Abbreviations

CSOM:

Chronic suppurative otitis media

GEE:

General estimating eqs.

HDI:

Human development index

KAP:

Knowledge, attitudes and practices

NGO:

Non-government organisation

VDC:

Village development committee

WHO:

World Health Organisation

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Acknowledgements

We would like to thank the women of Jumla for their enthusiastic participation, and Samjhana Shahi and the team at Jumla International Nepal Fellowship for their encouragement and support throughout the research.

Funding

The corresponding author was supported by the University of New South Wales, School of Public Health and Community Medicine Domestic Research PhD Scholarship. The funding did not play a role in the design, collection or analysis of the data presented in this study.

Availability of data and materials

The datasets analysed during the current study are available from the corresponding author on reasonable request.

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Contributions

Study design: SC, RR, HW, AH, RW; Data collection and Nepal supervision: SC, RW; Data analysis: SC, RR, AH; All authors read and approved the final manuscript.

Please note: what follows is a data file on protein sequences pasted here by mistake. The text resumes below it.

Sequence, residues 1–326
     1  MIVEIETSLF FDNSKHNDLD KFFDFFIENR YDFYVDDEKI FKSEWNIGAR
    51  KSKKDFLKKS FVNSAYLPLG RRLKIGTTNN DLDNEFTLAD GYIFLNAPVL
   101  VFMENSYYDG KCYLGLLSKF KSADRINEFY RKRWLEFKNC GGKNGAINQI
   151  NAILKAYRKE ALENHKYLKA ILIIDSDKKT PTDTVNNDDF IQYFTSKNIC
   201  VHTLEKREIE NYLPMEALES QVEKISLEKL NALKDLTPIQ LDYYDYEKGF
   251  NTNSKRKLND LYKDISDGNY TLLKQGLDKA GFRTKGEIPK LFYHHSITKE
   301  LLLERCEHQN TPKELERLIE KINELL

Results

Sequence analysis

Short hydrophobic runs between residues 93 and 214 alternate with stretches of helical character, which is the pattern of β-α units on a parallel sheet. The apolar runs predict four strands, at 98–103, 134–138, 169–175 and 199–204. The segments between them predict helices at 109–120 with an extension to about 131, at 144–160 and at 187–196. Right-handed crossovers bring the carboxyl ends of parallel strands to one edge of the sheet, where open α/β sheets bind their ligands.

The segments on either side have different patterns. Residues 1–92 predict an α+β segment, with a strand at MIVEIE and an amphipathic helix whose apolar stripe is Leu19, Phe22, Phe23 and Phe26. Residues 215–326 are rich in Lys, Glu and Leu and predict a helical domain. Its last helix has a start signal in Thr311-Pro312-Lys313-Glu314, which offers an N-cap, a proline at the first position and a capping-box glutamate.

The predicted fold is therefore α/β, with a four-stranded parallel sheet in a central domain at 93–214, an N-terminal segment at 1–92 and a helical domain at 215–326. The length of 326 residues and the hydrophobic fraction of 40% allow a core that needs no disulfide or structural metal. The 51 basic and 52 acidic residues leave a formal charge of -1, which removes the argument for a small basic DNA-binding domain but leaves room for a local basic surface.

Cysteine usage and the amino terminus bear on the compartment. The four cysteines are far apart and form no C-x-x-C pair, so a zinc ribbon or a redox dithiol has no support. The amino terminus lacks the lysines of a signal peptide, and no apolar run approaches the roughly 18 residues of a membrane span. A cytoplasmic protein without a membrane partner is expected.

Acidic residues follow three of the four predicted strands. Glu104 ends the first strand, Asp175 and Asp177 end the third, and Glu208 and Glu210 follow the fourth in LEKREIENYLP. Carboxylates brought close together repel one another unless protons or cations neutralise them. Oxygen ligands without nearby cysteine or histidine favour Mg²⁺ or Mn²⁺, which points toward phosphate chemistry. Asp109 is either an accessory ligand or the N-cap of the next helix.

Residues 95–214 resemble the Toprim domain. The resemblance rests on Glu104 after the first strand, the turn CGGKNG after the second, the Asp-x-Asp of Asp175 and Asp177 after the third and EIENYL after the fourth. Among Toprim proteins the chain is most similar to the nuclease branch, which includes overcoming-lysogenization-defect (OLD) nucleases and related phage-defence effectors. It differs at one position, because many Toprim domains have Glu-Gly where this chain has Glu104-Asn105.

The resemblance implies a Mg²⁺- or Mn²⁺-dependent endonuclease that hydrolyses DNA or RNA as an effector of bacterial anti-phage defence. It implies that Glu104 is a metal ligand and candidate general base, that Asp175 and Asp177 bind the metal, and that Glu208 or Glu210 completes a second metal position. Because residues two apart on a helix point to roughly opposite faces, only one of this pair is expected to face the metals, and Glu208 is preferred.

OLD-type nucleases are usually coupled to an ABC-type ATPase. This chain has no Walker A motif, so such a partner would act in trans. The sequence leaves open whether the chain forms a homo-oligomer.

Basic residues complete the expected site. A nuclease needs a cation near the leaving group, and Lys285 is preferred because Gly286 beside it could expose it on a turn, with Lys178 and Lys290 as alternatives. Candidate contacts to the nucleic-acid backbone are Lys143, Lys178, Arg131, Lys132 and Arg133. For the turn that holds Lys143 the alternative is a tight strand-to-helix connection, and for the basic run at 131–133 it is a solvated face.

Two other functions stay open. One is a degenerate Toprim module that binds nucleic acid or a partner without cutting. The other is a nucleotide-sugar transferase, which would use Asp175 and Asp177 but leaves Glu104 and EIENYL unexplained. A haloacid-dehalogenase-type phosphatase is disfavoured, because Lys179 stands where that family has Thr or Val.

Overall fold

Corresponding author

Correspondence to Susan Clarke.

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Ethics approval and consent to participate

Ethical approval was obtained from ethics committee of the Nepal Health Research Council (#1454) and the Human Research Ethics Council, University of New South Wales Sydney (#13361). All participants gave verbal and written informed consent.

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Not applicable

Competing interests

The authors declare that they have no competing interests.

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Additional file

Additional file 1:

Clarke et al., Jumla CSOM questionnaire. Original English questionnaire developed by Clarke et al., then translated into Nepali for use in Jumla, Nepal. (DOCX 25 kb)

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Clarke, S., Richmond, R., Worth, H. et al. Effect of a participatory intervention in women’s self-help groups for the prevention of chronic suppurative otitis media in their children in Jumla Nepal: a cluster-randomised trial. BMC Pediatr 19, 163 (2019). https://doi.org/10.1186/s12887-019-1539-y

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Keywords

  • Otitis media
  • Children
  • Nepal
  • Health promotion